The Recreational Aviation Foundation (RAF) has filled an important GA niche in protecting and promoting recreational aviation opportunities. Along with its work on the ground to preserve, maintain and create airstrips for recreational access, the RAF emphasizes in the air pilot preparation for safely operating in and out of these airstrips.

New York Liaison Russ Holland is a CFI who encourages his students to become comfortable and safe operating off-pavement. Holland trains from Cold Brook, NY and is a member of the RAF’s Safety and Education Committee. He incorporates the RAF Code of Conduct  into his curriculum.

“As a CFI, I encourage both a love of, and respect for grass airfield flying,” he says. His students experience numerous grass airfield takeoffs and landings. “I stress that it’s not actual backcountry training, but an exposure to what is both great and different about this type of flying.” Competency off-pavement exposes pilots to a multitude of opportunities, he feels, adding, “It’s different in that the sight picture, judgment and flying skills are different from those required for more standard and controlled airports.”

The RAF has always emphasized safety and education and formed its Safety and Education Committee early in its mission. Chaired by RAF Board member Alan Metzler, the group includes Master CFIs, backcountry flight instructors, a former Naval aviator now captain for a major airline, and a producer of videos on backcountry techniques. The committee meets regularly to further the availability of resources involving recreational flying. The RAF’s Safety and Education tab lists a growing list of resources for pilots. The keystone of the RAF safety message is its Code of Conduct which forms the basis for Holland’s approach. Its first four points are:

• Make safety your highest priority, acting with responsibility and courtesy.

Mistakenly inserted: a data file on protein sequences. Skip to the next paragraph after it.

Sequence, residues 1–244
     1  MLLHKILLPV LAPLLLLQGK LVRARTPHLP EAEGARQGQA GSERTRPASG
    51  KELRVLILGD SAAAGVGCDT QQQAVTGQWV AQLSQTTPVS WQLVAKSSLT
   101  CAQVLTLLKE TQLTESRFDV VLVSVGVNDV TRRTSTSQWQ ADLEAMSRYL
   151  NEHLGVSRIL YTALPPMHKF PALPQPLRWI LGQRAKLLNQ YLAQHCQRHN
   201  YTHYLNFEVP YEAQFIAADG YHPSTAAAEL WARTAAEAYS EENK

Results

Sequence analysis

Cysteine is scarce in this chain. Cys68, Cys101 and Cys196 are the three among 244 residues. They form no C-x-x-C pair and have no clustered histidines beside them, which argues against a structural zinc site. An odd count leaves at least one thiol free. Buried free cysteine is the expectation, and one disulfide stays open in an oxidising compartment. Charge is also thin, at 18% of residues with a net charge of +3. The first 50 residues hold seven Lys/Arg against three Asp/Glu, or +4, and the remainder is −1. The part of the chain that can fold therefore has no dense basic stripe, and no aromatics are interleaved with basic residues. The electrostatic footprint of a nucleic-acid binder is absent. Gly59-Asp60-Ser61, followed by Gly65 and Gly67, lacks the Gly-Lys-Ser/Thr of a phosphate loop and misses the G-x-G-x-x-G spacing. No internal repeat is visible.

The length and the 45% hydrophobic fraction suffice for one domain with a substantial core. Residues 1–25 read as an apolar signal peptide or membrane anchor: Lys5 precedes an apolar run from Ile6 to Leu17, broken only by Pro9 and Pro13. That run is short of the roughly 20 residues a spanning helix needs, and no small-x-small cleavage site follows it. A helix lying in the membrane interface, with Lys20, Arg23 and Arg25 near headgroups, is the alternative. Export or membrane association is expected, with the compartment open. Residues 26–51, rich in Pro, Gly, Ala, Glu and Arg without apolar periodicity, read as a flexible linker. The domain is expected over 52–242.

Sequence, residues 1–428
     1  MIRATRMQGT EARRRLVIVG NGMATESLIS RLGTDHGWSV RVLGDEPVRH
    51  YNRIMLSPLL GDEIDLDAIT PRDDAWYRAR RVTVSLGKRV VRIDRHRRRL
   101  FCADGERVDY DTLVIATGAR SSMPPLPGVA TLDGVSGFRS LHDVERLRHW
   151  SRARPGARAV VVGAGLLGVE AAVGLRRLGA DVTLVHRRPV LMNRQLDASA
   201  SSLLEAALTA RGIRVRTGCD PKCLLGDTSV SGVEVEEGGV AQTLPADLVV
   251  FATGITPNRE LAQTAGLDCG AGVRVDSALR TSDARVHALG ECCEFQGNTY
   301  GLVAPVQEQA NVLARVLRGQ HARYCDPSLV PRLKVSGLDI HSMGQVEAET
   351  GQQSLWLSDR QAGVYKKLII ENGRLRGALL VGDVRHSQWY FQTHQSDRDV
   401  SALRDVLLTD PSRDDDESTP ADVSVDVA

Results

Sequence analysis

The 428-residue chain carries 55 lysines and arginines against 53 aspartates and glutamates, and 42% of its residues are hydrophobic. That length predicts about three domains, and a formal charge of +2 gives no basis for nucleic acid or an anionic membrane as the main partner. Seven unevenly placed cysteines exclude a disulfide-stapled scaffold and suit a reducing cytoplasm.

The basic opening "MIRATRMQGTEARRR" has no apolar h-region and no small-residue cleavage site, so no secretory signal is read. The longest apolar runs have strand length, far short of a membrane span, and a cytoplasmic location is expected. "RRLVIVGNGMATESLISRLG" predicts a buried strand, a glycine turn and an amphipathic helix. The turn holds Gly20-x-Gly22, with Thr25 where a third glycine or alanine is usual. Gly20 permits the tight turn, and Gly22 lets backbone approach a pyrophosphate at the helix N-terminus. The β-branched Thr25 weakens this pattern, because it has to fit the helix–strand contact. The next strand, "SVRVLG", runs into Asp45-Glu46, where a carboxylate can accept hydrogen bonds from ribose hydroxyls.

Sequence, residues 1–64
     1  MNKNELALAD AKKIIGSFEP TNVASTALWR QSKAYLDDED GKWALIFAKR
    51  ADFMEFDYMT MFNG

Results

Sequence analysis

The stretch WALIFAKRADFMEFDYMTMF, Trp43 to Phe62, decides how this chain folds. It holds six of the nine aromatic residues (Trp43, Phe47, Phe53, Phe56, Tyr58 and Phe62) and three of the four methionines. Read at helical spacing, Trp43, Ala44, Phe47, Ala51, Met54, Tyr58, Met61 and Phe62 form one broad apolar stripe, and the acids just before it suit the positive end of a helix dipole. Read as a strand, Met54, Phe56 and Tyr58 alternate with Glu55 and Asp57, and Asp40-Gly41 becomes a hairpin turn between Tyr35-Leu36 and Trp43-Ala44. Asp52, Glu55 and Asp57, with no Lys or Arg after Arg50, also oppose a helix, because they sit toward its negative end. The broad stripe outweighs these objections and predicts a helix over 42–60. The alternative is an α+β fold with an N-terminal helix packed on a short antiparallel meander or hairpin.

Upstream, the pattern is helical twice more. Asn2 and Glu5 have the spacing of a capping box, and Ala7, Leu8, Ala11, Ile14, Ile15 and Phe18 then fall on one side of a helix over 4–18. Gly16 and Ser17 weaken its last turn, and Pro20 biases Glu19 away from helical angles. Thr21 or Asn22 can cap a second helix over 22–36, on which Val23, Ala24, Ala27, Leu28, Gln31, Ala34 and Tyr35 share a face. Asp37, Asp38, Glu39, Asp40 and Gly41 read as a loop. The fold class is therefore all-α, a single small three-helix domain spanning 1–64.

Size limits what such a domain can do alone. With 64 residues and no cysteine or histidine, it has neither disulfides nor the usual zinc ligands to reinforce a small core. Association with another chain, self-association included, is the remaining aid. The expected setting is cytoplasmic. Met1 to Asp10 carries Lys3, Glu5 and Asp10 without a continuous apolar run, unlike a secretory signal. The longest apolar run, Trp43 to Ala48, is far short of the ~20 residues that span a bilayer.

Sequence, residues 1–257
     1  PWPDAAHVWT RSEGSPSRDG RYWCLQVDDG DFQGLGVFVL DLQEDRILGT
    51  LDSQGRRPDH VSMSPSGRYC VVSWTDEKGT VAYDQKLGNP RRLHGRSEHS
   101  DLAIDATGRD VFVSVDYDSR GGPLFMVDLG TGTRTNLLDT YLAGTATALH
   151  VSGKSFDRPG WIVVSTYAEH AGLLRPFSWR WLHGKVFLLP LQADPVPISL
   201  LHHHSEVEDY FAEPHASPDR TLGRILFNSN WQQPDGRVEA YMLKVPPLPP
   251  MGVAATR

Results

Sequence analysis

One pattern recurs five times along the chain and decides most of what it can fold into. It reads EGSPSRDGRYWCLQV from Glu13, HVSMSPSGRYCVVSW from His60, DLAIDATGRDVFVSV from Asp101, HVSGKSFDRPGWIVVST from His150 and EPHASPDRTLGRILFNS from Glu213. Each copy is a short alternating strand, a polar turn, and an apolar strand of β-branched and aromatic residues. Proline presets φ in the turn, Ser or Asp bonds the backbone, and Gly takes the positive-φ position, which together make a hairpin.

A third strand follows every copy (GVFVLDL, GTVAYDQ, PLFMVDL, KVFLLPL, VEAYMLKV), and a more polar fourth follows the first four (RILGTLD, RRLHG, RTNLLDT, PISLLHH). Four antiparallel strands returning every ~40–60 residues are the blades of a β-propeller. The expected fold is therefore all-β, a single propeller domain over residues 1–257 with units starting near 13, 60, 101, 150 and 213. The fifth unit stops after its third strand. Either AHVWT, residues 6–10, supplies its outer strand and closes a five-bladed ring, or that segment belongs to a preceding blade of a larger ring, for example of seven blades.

• Develop the skills necessary for safe backcountry aviation. Use instructors and knowledgeable pilots to seek excellence in airmanship through training and practice.

• Establish and adhere to personal minimums based on objective evaluation of ability.

• Research and practice prudent operating practices for the area and airfield you wish to explore. i.e, reporting points and altitudes.

Holland considers his one-on-one approach a resource for pilots to self-evaluate and educate themselves to ensure safe enjoyment of this type of flying. He depends on what the RAF calls “Know your Airplane – Know Yourself.” Inspired by Dave Dunteman’s “Back to Basics” lessons, Holland uses Boonville’s 2,800-ft grass strip (1NK7). “It’s not a competition, but an opportunity to land and take off on a grass field marked out in 100-ft increments. Participating pilots calculate their takeoff and landing distances for the day’s conditions considering density altitude, gross weight, wing loading, and surface condition – how the length of the grass will affect performance, for example. Volunteers then observe approaches and landings by recording the distances from a marked “threshold” to the point the aircraft stops. For takeoffs, the off-the-ground distance and estimated distance to clear a 50-ft obstacle is recorded. Pilots compare that information to their estimates and use it to form their personal limits for a given day and conditions.

Holland rewards each of his successful students with a membership to the Recreational Aviation Foundation, hoping the fun and demands of that type of flying will keep them engaged throughout their pursuit of flying. “I encourage them to join us in our initiatives, and share our love of grass airfield and backcountry flying – safely.”

Submitted on November 9, 2016.

Leave a Comment